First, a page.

County Lines: North Yorkshire councillors told to crack down on organised crime

Gnags from Liverpool, Manchester and Birmingham are using vulnerable children and people to run drugs
Gnags from Liverpool, Manchester and Birmingham are using vulnerable children and people to run drugs

Vulnerable children and adults are increasingly being used by organised crime gangs to supply drugs into market and coastal towns in England’s safest county.

North Yorkshire County councillors have been told efforts to crack down on County lines – the police term for urban gangs which use dedicated mobile phone lines and child criminal exploitation – were being stepped up in response.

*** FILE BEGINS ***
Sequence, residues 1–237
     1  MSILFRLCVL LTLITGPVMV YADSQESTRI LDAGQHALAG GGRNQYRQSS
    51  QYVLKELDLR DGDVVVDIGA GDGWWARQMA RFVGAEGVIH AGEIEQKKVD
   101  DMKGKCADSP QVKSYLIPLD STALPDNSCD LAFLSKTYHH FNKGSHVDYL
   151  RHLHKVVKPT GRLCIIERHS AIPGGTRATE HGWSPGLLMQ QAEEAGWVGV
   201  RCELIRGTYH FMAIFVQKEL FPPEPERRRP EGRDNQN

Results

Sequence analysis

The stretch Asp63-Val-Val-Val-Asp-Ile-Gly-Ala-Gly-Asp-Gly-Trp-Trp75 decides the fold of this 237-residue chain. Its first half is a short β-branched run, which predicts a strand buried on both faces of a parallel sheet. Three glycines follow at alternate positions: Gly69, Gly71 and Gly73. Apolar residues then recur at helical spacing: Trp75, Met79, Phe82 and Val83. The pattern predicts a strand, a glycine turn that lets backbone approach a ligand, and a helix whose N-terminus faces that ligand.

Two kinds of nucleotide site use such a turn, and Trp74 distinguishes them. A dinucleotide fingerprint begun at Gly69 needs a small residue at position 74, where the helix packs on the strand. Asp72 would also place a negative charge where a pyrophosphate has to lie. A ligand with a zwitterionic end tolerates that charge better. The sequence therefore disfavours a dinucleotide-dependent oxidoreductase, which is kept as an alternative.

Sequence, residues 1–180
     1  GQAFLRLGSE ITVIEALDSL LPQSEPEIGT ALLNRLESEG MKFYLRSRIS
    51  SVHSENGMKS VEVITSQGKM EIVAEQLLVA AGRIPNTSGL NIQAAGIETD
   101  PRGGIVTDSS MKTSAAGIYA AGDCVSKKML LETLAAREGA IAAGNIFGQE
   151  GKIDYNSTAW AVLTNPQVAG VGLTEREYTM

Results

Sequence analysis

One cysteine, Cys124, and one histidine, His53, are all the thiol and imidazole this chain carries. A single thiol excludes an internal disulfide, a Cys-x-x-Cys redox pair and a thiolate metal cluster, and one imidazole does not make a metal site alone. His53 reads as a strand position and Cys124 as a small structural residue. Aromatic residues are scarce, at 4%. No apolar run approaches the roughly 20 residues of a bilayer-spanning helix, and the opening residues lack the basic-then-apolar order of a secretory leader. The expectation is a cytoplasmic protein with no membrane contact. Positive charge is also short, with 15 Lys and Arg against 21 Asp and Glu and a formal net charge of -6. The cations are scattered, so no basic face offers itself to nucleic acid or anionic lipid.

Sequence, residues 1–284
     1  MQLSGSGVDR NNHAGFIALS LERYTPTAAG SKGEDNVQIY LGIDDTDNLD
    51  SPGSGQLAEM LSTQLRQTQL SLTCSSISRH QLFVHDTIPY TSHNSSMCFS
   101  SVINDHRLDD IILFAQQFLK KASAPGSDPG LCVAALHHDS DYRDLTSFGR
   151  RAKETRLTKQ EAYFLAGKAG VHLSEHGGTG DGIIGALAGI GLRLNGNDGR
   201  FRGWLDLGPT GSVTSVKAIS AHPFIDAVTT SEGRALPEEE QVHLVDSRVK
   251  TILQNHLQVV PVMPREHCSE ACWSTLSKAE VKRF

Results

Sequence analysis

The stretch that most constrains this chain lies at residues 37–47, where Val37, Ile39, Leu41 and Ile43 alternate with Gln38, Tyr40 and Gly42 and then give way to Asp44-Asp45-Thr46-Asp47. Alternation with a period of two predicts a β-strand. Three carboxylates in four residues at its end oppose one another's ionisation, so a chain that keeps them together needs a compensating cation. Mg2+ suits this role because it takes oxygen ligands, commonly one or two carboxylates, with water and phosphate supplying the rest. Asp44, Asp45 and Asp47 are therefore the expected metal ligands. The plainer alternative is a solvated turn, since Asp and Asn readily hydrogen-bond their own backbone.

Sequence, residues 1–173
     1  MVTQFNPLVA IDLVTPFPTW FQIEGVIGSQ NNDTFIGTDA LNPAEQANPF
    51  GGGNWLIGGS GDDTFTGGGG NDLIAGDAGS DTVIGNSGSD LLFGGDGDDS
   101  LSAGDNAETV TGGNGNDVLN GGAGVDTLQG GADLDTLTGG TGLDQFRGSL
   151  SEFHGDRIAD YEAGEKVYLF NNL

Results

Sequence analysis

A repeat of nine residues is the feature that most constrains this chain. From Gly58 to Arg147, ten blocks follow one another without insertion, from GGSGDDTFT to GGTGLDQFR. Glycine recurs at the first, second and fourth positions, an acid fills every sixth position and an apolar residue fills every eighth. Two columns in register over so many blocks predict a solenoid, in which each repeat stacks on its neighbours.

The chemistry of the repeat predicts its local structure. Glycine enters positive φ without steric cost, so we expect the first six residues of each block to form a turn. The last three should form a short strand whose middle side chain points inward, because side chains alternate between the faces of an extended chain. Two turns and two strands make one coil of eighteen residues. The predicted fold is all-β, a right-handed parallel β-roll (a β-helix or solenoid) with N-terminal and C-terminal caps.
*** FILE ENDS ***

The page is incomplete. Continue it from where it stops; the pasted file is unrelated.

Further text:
The authority’s corporate and partnerships scrutiny committee heard while Scarborough had become an established hotspot for the criminal activity, it was on the rise in Ripon and Harrogate.

The meeting was told organised crime groups from cities including Liverpool, Manchester and Birmingham were using vulnerable children and people to run drugs.

Julie Firth, of the council’s children and families service, said: “That means you have young people who are offending prolifically and sometimes violently, but the risks to themselves from organised crime groups is so severe that their choices around that are very limited. It is really sad.”

She said the authority was working with a multi-agency partnership to tackle the problem – which also involves safeguarding, criminal and sexual exploitation, modern slavery, and missing persons – and had been awarded £1.2m over three years for the work.